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Existing Kiddie Treehouse is muse for Rancher Expansion

Stephen Moser Architect was asked to update a 50s rancher located on the western edge of Saxon Woods Park in NY, USA. The client’s wanted their Mamaroneck house to expand horizontally to accommodate a new office, family room and pool as well as vertically for a new master suite. The homeowner’s didn’t want just any “look” to their updated home – they wanted a place that had the same aesthetic as a treehouse on stilts that was previously built for their grandchildren. Specifically they liked the orientation of the treehouse as well as the materials, interior spaces and exterior silhouette – another words, all of it. Read on about this cozy home we found on Freshome.

The lot is shaped like the number 4 (without the extended arm) and is accessed from the street by the vertical leg of the 4, the other three sides are surrounded by parkland. Surrounded on 3 sides by nature, the client’s wanted their home to feel completely harmonious to the surrounding treescape.
The driveway travels up the leg of the 4 before curving around to the angled corner on the left, The home is positioned diagonally across this section of the lot, creating a triangular turn around for the cars and it is from this vantage point that the first of the treehouse inspired elements is visible via the double trunk steel support posts on the corner of the entry overhang.
Once inside the home a vertically louvered wood wall creates a separation from the foyer to the new, glass wrapped family room and this is where the wood treehouse influence really starts to take place, but in a much more refined manner. Don’t you just love the horizontal box shelving within the slatted wall?
The new office comes complete with a wood clad ceiling, floor, trim and storage. There is nothing cosier then working in an environment filled with wood detailing overlooking views of a forested landscape. It is both inspiring and cozy and when you add in the functionality of the large expanses of countertops it is also super functional.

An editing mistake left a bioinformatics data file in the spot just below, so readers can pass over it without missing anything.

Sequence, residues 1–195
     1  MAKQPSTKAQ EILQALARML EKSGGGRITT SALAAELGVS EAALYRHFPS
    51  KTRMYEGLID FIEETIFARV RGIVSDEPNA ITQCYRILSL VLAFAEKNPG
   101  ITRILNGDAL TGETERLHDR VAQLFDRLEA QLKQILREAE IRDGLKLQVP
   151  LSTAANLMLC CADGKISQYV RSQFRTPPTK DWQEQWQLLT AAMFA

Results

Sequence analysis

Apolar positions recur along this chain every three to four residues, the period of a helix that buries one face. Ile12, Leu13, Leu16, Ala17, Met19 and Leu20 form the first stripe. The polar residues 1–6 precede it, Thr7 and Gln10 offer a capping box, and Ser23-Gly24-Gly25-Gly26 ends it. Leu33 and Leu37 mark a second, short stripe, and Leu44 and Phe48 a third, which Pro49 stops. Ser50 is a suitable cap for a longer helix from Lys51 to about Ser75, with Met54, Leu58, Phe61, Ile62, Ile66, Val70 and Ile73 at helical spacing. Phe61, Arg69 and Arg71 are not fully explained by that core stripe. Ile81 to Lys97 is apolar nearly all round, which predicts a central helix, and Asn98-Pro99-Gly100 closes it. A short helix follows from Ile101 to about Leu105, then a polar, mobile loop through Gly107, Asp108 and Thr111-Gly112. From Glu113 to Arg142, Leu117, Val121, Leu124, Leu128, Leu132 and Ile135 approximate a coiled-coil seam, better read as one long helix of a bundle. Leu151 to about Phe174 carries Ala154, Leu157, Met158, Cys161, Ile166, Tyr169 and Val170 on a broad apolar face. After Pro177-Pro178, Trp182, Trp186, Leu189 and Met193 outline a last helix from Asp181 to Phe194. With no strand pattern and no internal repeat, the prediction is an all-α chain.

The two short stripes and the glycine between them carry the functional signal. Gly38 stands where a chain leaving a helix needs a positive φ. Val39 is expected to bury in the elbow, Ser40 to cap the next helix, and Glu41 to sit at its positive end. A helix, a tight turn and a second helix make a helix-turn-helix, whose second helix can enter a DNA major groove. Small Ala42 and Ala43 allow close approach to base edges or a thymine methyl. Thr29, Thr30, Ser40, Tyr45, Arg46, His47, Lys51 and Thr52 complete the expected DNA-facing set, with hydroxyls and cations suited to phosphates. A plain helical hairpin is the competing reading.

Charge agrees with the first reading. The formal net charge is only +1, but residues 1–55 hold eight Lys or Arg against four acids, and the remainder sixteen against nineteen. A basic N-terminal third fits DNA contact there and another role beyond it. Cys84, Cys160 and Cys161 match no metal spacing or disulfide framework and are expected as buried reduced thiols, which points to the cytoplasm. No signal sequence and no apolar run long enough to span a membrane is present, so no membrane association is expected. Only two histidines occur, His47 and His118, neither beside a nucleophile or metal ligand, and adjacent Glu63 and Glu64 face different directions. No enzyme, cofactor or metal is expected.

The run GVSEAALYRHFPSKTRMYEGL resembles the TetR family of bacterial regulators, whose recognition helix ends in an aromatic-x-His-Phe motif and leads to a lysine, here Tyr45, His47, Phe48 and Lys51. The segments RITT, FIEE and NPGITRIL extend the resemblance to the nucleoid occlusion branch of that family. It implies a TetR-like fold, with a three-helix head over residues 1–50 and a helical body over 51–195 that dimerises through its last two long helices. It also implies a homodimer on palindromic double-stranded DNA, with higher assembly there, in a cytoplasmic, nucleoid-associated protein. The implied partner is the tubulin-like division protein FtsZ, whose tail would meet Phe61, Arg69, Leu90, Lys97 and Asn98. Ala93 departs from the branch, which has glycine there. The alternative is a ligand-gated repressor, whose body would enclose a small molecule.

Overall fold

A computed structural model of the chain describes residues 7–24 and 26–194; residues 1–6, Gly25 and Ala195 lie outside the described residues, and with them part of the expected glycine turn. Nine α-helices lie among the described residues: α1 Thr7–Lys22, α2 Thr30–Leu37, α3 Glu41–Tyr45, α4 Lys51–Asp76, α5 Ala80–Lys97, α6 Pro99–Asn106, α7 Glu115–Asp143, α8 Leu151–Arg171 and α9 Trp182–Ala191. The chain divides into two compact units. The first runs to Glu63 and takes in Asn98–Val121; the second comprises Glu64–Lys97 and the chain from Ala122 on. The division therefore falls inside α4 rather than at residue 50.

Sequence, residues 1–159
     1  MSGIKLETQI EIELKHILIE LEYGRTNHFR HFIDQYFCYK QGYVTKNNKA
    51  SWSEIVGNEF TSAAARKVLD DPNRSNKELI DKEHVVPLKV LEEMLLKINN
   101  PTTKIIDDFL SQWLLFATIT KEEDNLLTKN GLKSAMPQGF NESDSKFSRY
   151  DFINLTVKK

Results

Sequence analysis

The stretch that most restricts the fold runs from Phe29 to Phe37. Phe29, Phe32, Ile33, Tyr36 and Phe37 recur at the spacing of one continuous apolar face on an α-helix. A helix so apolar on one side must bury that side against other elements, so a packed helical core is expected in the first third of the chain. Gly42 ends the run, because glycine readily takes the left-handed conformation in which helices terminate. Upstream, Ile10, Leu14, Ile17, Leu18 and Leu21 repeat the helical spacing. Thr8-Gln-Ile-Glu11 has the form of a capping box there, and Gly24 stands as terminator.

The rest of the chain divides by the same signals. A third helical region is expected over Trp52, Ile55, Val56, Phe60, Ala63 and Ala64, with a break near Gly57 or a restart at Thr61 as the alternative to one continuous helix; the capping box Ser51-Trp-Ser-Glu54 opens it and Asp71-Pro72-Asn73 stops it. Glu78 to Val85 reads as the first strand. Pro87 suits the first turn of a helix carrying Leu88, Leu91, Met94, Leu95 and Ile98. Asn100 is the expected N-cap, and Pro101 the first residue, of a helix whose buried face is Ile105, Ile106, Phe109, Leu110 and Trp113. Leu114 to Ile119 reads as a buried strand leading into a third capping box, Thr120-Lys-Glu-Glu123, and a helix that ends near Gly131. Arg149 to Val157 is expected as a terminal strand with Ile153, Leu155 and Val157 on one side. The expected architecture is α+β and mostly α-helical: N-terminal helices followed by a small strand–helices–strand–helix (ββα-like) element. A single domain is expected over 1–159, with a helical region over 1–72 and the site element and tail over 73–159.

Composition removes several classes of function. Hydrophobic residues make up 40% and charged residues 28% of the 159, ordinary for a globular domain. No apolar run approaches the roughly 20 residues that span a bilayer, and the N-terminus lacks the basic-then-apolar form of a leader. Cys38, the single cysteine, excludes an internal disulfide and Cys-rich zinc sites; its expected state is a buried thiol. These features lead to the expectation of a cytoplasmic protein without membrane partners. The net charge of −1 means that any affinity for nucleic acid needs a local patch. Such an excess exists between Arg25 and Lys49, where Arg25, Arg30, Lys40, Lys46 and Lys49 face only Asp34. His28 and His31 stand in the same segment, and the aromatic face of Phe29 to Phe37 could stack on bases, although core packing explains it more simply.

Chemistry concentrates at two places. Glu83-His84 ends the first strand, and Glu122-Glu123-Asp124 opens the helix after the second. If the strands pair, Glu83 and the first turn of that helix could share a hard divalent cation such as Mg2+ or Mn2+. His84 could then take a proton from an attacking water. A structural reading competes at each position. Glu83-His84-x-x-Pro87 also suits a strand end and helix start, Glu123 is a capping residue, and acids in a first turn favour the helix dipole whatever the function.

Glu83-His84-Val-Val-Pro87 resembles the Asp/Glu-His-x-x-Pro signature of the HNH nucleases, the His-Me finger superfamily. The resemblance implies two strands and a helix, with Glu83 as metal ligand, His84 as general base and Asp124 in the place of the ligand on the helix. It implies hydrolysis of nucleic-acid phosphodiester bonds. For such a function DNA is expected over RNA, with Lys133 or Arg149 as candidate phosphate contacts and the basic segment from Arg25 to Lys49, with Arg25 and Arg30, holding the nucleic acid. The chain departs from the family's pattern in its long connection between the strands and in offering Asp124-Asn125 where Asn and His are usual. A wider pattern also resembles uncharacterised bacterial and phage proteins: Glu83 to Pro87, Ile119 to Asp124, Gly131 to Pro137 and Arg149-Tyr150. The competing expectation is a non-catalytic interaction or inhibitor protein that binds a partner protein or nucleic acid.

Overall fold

The new pool solarium features the same cozy wood ceilings as the office as well as a wood wall that revels in the aesthetic of its construction rather then hiding it. Aside from these two wood clad areas, the solarium keeps the original brick facade – which is now an interior wall, while glazings create the new facade.
A hallway connects the main floor expansion with the original floorplan and all the trim and doors here – as well as throughout the rest of the home – are wood to continue the warm and cozy, aesthetic. Once the hardscaping was complete, the homeowners gave the space a contemporary gallery feel by lining the walls with art – which just happens to be my favorite look in a hall.
The original part of the home has been opened up to create a double volume area where the new staircase leads to the new master suite. The space features an original brick wall, new wood plank flooring, new slatted wood walls and a deep rose wall that ties into the shades within the brick. Here, as in the new hall, paintings line the walls and a deep shelf features a row of glass and clay vessels.
The architects took advantage of the double volume height by suspending a contemporary chandelier of oversized glass globes and the homeowners continued this little bit of whimsy with their fun watermelon painting above the steps. The stairwell is both traditional in its wood risers, treads and handrail, and modern in its crisscrossed balustrade, which ties in beautifully with the slatted walls across the hall.
At the top of the stairs a mezzanine features both low cubbies for ample storage and clerestory windows for natural light.
The master bedroom is all about the views which can be enjoyed either inside or outside from the fabulous deck.
The ensuite maintains its privacy via tile-clad walls, but to “suggest” the treeline outside, a fun wallpaper of greenery wraps the room above the tiles.
The new shallow sloping roof unifies the pre-existing 50s rancher with the addition while the new 2nd storey volume adds in a gabled roof that gives the home a contemporary punctuation. It’s a great space and I love all the wood details that have been combined with the original brickwork.
Stephen Moser Architect
Photography by Michael Moran


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